H.M. QUEEN SONJA'S ART COLLECTION
IT WAS A BEAUTIFUL DAY. WE WERE ON A HIKE IN NORTHERN NORWAY. IN LEIRFJORD A LARGE RECTANGULAR STEEL INSTALLATION HAD BEEN PLACED IN THE LANDSCAPE. EVERYONE THOUGHT IT WAS ODD. BUT I INSISTED - WE SHOULD NOT BE DISCOURAGED. WE SHOULD GO AND HAVE A LOOK! AS WE APPROACHED, WE SAW THAT THE SEEMINGLY RANDOMLY SITED CONSTRUCTION FRAMED THE LANDSCAPE IN AN INFINITE NUMBER OF PERSPECTIVES, DEPENDING UPON WHERE ONE WAS STANDING. THE LANDSCAPE HAD BEEN THERE SINCE THE DAWN OF TIME. ART HELPS US REALIZE THAT. WHAT MORE CAN WE ASK?
QUEEN SONJA IN "IMPULSES" 2001
Queen Sonja's personal engagement in Norwegian art and culture goes back a long way. Over the years, the Queen has actively participated in Norway's artistic and cultural spheres not just as its high patron but also as an important key figure; her efforts in casting light upon and promoting Norwegian art has gained her respect throughout Norway and far beyond.
Part of the Queen's vision has long been to establish a prize for young artists. In 2011 this vision became reality through a collaborative project with the artists Kjell Nupen and 0rnulf Opdahl. Together, the artists prepared a graphic portfolio, the proceeds from the sale of which were donated to a foundation set up in the Queen's name. The aim of the foundation is to rekindle interest in and inspire the development of paper-based art. Every other year the foundation will award "The Queen Sonja Nordic Art Award" to a Nordic artist. The foundation's first prize-giving ceremony took place in 2012 with the Finnish artist Tiina Kivinen hailed the worthy winner.
The Queen is also known for being a knowledgeable patron of the arts and has collected art since a young age. As the years have passed, her appetite for collecting art has grown and so too has her collection. Today, her collection is in active use in many of the Royal Family's residences, where the artwork on display creates an ongoing dialogue between and contrast with the residences' various classic, rustic, romantic and modern interiors. Here, the Queen not only takes on the role of collector in the placing of the artwork, but also that of curator. The fact that her collection is so frequently in use and forever being moved around has also resulted in several exhibitions where pieces of her acquired artwork have been displayed publicly; exhibitions have been held at the Henie Onstad Art Centre outside Oslo in 2001 and 2012, and in Scandinavia House in New York in 2005.
The fact that the Queen has shared her private collection with others is a brave and daring move which stirs sincere admiration. Not merely because female art collectors in Norway and the North are so few and far between, but because the public is also faced with a collection characterised by the Queen herself. The Queen's life experiences and the pieces of artwork she acquires are often closely linked, and her purchases are frequently the result of spontaneous enthusiasm. From early on, it was clear that it was new, contemporary art that tended to catch the Queen's eye.
The motif of landscape prevails in the Queen's collection, and is the focus of the commentary here. Alongside her interest in art, it is the Queen's countless hiking and skiing trips across Norway, through seasons and over many years which have provided her with the required respite from everyday life and become its important part. The Queen has become an expert in the country's geography and nature. The artist Jakob Weidemann once said that "the pictures in the Queen's collection serve as an echo of her life". No surprise then, that landscape art constitutes the bulk of her collection. The joy found in art and that found in experiences of nature are inextricably intertwined. In this respect, the Queen's wanderings in nature have provided her with experiences which have coloured her pictorial vision and choice of which artwork to acquire. That her artistic journey took this route was perhaps natural in a country where landscape art has its roots deeply embedded in a romantic tradition with nature as an expression of personal experience and feelings.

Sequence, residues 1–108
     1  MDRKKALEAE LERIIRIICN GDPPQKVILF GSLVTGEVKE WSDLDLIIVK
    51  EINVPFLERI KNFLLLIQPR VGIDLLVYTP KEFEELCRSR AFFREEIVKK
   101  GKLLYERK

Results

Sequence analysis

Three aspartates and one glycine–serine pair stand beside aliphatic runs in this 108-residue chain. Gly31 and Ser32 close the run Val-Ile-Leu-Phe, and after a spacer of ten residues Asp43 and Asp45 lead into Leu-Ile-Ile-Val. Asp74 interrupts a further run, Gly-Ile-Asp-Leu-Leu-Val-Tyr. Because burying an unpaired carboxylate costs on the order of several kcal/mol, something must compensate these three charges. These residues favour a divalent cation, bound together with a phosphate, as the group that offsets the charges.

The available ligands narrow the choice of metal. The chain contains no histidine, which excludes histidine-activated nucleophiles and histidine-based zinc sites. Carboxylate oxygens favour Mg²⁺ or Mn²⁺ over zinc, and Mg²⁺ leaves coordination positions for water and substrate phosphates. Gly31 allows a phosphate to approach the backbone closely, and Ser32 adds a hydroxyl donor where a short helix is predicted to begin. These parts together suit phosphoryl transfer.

Johan Christian Dahl (1788-1857) is often referred to as the father of Norwegian painting. It was primarily due to him that Norwegian painting took shape in the 19th century and a tradition was subsequently founded which has since influenced much Norwegian art. Throughout his artistic endeavours, Dahl fused a heroic description of landscape with a fundamentally naturalistic attitude to art, thereby laying the foundations for Norwegian art's close bond with Norwegian nature and landscape. Art has moved on but the significance nature holds has characterised many of the country's artists through the years, right up until today.
Not least because of its roots in the Romantic period with its mystification of the Nordic landscapes, Norwegian art was for many foreigners associated first and foremost with depictions of landscapes and natural phenomena such as changes in light and dramatic seasonal scenes. Countless exhibitions are arranged and numerous publications released on this subject both nationally and internationally, and titles like "Northern Light" and "The Mystic North" have become almost synonymous with Scandinavia. Despite globalisation and the influx of new forms of expression having provoked much change, the same can be said for much of today's art. In the 1900s and particularly during the post-war period, it was not the pure depiction of nature that preoccupied artists - photography delved deeper here - but nature nevertheless remained an ever-present source of inspiration. Many young artists at that time developed their practice from a cubist starting point, moving gradually into the realm between tangible reality and abstraction, whilst maintaining impressions of nature as their primary source. Direct depictions of reality in their work fell by the wayside, and instead their motifs became ever-increasingly characterised by the rendering of movement, forces and structures in nature. But despite the expressions being abstract, it does not hide the fact that experiences of nature had served as inspiration - assumptions which were often rendered concrete when considering the titles of the artwork.
One of the pioneering artistic representatives of this form of expression in Norwegian post-war art was Jakob Weidemann, an artist who would go on to indelibly mark the art world for several decades after his debut and become both a friend and guiding light to the Queen. His pictures also figure prominently in her collection. More so than any other artist, it was Weidemann who rekindled the niche of Norwegian landscape art after the Second World War and transfigured it to fit contemporary international visual language. As the French painter Jean Bazaine put it, it was important for these artists that the link back to nature could easily be traced, that one could find one's way back to what he called the structural unity between man and his surroundings. This, he believed, is enabled through cultivating the emotional, expressive qualities in form, colour, line, fabric and material.